What Is a G5 Storm?

One of the most powerful—and potentially damaging—space weather phenomena are G5 storms. But what exactly is a G5 storm and what kind of effects can it have on Earth?

Space weather is a term used to describe the phenomena that occur in the space environment between the sun, Earth and beyond. It originates from solar activity and can manifest itself in various different ways, including solar flares, coronal mass ejections and geomagnetic storms, among many others.

While the Earth's magnetic field largely protects us from charged particles emitted by the sun, space weather phenomena can sometimes have an impact on our planet, interfering with life and technological infrastructure, both in space and on the ground.

What Is a Geomagnetic Storm?

Geomagnetic storms are significant disturbances in the Earth's magnetic field caused by changes in the solar wind—a stream of energized, charged particles that flow out of the sun—and the interplanetary magnetic field.

Variations in the solar wind can affect the nature of the Earth's magnetic field, resulting in geomagnetic storms that can last anywhere from hours to days.

The solar wind interacting with Earth
Stock image: An artist's illustration of solar interacting with the Earth's magnetic field. Geomagnetic storms are major disturbances in the Earth’s magnetic field caused by changes in the solar wind. iStock

These storms are often caused by coronal mass ejections (CME)—large expulsions of plasma (the fourth fundamental state of matter) and magnetic field from the outermost part of the sun's atmosphere, called the corona.

High-speed streams of solar wind can also result in geomagnetic storms, although these events tend to be less intense than those associated with CMEs.

What Are the Effects of a Geomagnetic Storm?

Geomagnetic storms heat and distort the ionosphere—part of the Earth's upper atmosphere beginning at around 50 miles above sea level. This can cause interference with long-range radio communication as well as global-positioning systems (GPS).

These storms can also damage satellite electronics. And on the ground, these events can result in power grid surges, which can lead to blackouts.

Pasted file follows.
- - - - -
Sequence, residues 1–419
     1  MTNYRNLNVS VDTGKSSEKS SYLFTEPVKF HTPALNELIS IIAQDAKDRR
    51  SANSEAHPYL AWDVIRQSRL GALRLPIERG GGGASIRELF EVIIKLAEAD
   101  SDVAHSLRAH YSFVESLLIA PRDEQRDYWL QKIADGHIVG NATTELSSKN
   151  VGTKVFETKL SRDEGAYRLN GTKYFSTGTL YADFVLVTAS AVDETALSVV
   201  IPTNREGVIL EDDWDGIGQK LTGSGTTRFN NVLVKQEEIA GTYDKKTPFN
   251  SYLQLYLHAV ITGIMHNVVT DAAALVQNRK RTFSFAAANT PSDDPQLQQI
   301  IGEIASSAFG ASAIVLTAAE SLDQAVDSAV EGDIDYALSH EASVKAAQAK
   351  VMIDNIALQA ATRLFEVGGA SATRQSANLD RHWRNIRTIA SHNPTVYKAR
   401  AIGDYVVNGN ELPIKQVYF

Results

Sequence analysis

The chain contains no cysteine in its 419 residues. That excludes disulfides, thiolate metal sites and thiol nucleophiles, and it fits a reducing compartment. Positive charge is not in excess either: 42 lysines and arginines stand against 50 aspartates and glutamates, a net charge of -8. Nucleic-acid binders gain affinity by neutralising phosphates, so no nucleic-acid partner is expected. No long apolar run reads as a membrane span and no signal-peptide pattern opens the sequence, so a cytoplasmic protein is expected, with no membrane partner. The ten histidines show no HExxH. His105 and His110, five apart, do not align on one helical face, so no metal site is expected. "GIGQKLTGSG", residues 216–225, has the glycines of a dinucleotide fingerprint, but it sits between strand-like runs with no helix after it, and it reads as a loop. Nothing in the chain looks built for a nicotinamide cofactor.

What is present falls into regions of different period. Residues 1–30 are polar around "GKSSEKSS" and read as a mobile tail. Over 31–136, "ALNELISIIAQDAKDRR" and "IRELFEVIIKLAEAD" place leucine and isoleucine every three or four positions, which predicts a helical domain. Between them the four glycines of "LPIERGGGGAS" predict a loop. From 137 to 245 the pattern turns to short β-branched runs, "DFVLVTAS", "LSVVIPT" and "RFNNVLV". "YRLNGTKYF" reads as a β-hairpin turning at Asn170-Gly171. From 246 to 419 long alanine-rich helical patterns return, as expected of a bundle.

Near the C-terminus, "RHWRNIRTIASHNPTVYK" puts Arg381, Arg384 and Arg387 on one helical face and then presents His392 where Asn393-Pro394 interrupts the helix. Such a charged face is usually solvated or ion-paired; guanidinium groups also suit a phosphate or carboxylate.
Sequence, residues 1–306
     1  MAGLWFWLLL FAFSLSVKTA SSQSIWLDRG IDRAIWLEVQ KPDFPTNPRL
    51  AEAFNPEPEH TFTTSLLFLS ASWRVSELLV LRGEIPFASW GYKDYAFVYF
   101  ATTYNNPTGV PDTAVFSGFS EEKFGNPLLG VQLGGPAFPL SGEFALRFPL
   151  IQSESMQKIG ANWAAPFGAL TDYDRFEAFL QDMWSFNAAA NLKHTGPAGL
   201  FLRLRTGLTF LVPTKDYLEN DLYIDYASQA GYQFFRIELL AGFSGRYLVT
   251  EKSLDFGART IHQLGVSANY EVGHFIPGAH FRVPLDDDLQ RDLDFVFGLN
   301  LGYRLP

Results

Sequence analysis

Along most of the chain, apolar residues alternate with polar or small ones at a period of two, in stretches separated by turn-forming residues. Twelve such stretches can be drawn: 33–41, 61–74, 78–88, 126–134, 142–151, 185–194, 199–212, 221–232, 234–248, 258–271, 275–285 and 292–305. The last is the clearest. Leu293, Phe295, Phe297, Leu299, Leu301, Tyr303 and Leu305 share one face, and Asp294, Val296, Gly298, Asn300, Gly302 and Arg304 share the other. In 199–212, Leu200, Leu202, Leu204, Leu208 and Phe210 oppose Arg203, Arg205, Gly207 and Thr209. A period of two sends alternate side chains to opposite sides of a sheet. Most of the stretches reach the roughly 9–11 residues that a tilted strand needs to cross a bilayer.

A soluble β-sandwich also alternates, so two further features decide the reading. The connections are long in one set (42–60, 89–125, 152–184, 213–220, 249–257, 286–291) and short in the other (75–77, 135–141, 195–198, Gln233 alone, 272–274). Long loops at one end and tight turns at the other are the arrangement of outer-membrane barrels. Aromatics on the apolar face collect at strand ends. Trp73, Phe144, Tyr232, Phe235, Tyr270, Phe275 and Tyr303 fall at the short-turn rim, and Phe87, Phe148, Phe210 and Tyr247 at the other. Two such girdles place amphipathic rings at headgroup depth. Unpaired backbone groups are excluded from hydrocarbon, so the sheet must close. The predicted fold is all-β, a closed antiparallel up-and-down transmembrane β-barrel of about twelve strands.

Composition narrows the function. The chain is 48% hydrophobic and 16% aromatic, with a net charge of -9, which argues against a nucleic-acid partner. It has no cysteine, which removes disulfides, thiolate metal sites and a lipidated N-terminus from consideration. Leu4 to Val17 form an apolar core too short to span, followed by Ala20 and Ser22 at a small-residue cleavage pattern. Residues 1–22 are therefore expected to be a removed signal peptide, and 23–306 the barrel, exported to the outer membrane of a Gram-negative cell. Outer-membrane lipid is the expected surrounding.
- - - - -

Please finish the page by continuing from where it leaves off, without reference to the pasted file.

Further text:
What Is a G5 storm?

The National Oceanic Administration (NOAA) has created a measurement system to grade geomagnetic storms and their potential effects ranging from G1 (minor) to G5 (extreme).

"Essentially, think of it as a scale for how strong the storm is likely to be," Piyush Mehta, an assistant professor of mechanical and aerospace engineering at West Virginia University, told Newsweek.

"G5 is likely going to impact anything and everything we know about what space weather impacts currently," he said.

While minor geomagnetic storms are likely to have very little effect on the Earth, one that is classified as G5 could produce potentially devastating impacts.

For example, some power grid systems could completely collapse causing widespread outages. Meanwhile, satellite navigation systems might experience difficulties for days. In addition, aurorae might be visible from regions as far south as Florida and southern Texas, according to the NOAA.

Thankfully, G5 storms are rare, but when they do occur, they have the potential to cause serious damage. The strongest geomagnetic storm on record was the Carrington Event of 1859, which led to the failure of telegraph systems around the world, even sparking fires in some telegraph stations.

Aurora Borealis in Iceland
Stock image: Aurora Borealis in the night sky above Iceland. Geomagnetic storms can trigger an aurora in places the phenomenon is not normally seen.

"When it happened, we didn't really have a lot of technology infrastructure," Mehta said. "We only had telegraph lines and things like that, we didn't have power lines. So, it is estimated that a repeat of a Carrington Event today could cause damage worth $2 trillion."

"There are different models that have been developed to predict how likely or how often such events are likely to occur," he said. "And most of the models suggest that a Carrington-type event will likely occur every few hundred years. Nobody really knows exactly when it's going to happen. So, it is better to be prepared and improve our ability to predict when it's going to happen."

According to Mehta, there is also the possibility that storms stronger than the Carrington Event could occur one day.

"There is always the unknown. We just don't know how strong the storm can actually get," he said.

While predicting when a geomagnetic storm will occur is difficult, they are more likely to occur close to a solar maximum—a period in the sun's 11-year cycle when it is particularly active.